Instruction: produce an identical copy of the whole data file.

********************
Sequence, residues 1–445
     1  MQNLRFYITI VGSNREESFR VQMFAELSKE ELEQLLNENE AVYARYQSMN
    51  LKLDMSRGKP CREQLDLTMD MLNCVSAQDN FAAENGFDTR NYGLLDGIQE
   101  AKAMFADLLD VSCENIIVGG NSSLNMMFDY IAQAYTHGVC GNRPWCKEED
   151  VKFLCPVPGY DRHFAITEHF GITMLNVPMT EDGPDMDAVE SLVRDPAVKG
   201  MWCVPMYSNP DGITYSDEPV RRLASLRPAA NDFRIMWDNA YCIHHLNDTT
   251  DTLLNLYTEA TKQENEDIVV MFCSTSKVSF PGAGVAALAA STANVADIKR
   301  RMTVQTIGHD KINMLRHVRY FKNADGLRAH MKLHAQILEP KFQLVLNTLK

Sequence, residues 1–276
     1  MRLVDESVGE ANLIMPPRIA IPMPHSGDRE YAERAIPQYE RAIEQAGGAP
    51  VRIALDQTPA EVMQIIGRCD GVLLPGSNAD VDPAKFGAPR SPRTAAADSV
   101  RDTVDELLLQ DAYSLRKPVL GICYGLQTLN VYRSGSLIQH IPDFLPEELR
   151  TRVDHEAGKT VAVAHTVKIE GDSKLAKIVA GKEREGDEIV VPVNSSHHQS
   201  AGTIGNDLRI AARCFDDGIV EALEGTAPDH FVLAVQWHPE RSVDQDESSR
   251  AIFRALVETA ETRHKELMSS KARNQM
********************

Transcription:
Sequence, residues 1–445
     1  MQNLRFYITI VGSNREESFR VQMFAELSKE ELEQLLNENE AVYARYQSMN
    51  LKLDMSRGKP CREQLDLTMD MLNCVSAQDN FAAENGFDTR NYGLLDGIQE
   101  AKAMFADLLD VSCENIIVGG NSSLNMMFDY IAQAYTHGVC GNRPWCKEED
   151  VKFLCPVPGY DRHFAITEHF GITMLNVPMT EDGPDMDAVE SLVRDPAVKG
   201  MWCVPMYSNP DGITYSDEPV RRLASLRPAA NDFRIMWDNA YCIHHLNDTT
   251  DTLLNLYTEA TKQENEDIVV MFCSTSKVSF PGAGVAALAA STANVADIKR
   301  RMTVQTIGHD KINMLRHVRY FKNADGLRAH MKLHAQILEP KFQLVLNTLK

Sequence, residues 1–276
     1  MRLVDESVGE ANLIMPPRIA IPMPHSGDRE YAERAIPQYE RAIEQAGGAP
    51  VRIALDQTPA EVMQIIGRCD GVLLPGSNAD VDPAKFGAPR SPRTAAADSV
   101  RDTVDELLLQ DAYSLRKPVL GICYGLQTLN VYRSGSLIQH IPDFLPEELR
   151  TRVDHEAGKT VAVAHTVKIE GDSKLAKIVA GKEREGDEIV VPVNSSHHQS
   201  AGTIGNDLRI AARCFDDGIV EALEGTAPDH FVLAVQWHPE RSVDQDESSR
   251  AIFRALVETA ETRHKELMSS KARNQM